Pretty dull notes here for anyone who is not currently studying Gittin. About the only point you might find interesting is the discussion of why pre-fab Gittin are not acceptable, below at Gittin 26b. Otherwise, feel free to jump to some other post.
Note that throughout the page, דמטית התם should be דמטית להתם
If this idea of ברירה seems odd to you, since it depends on a later action of mine to resolve the current doubt – and not for a later independent event, the way it usually does – don’t be alarmed. The gemara will discuss this on 25-26.
Note the Rava/Rabbah change toward the bottom of this page; it’s because Abayye is presented as challenging Rava’s statement, and Abayye doesn’t do that with Rava, his student. He does it with Rabbah, his rebbe.
Rabbi Eliezer’s view, in the end of the mishnah, is unclear. Rashi seems to think he is approving writing the boilerplate part of the document in advance, and leaving the names out. Tosafot, though, makes the case (based on a discussion toward the end of 26b) that Rabbi Eliezer is actually approving writing the entire thing in advance.
Worth noting: The word “משום” is seen here as a term of indirect association with a source (in this case, a pasuk; the more direct term is שנאמר). We do the same thing in other passages when a law is cited משום a certain authority – we assume that it was not heard directly from that authority, but rather it was heard from someone else in his name.
Agunah law: The gemara discusses a pre-fab get, a case in which a scribe writes a get in advance, and a man whose name matches that of the man in the get, and whose wife’s name matches the wife’s name in the get, is involved in a domestic dispute and grabs the get and throws it to his wife – so that his wife is left as an agunah (to use the gemara’s terminology). To forestall such a possibility, the gemara prohibits scribes from having such “ready documents” lying around.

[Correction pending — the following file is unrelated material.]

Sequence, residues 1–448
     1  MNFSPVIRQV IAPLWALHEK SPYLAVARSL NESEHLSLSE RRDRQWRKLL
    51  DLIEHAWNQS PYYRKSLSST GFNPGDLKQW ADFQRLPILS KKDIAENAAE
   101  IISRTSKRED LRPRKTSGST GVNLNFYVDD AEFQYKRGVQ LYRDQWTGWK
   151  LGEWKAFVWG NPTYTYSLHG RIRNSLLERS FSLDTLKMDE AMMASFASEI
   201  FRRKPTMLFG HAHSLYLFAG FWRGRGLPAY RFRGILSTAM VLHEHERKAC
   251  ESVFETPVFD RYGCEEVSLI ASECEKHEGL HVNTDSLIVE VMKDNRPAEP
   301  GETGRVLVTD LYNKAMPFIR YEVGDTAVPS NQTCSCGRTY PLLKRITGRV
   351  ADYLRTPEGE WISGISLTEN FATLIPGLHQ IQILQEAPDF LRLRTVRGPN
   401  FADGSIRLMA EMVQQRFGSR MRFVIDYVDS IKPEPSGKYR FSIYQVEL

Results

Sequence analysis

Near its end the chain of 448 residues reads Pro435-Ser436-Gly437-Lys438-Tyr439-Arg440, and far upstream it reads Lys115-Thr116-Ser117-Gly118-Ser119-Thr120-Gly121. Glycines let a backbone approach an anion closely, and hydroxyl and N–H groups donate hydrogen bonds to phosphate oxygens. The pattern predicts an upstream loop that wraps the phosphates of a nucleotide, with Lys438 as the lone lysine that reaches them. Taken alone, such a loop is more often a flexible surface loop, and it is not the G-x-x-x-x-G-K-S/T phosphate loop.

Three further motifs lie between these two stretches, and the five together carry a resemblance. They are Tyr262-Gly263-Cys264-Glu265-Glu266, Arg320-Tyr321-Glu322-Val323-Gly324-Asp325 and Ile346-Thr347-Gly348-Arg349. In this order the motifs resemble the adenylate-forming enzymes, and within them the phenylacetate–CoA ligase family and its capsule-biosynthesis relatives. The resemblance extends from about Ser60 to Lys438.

However: It is not clear why she is an agunah here; she is validly divorced!
1) I made a note in my gemara’s margin some 15-20 years ago that perhaps, due to the haste of the case, the get was not signed by witnesses, and so there is debate as to its validity – and this is why she is left as an agunah. I don’t know where I saw this idea, though.
2) Rashba takes a similar approach, reading “threw” literally and says that he threw it to her and left town, and it is not clear whether the get was closer to him or to her, so that her status is in doubt.
3) Rashi, though, has a different definition of “agunah.” He says that we are not dealing with a doubtful situation; rather, the concern is that the hasty husband will find a ready-made get and divorce his wife quickly. The term “agunah” then means simply that she will lack a husband. This is consistent with Rashi’s comment in Sanhedrin 107a מעונות defining “agunah” not as a woman whose marital status is in doubt, but rather as a woman whose husband fails to live with her conjugally. The sages see this situation as painful for her, and legislate to avoid it.
Tosafot סימנים unpacks the gemara’s point about whether we rely on “unique characteristics - סימנים” as identification biblically or rabbinically.
The idea is that true proof can come only through witnesses, as seen from the courtroom disqualification of circumstantial evidence. So according to the view that “unique characteristics” are only accepted as identification rabbinically, the biblical rule would be that we needed witnesses for all purposes of identification, such as claiming lost objects, or identifying a corpse.
Tosafot ודוקא explains why I would be more likely to believe a talmid chacham on his own stated recognition of an item.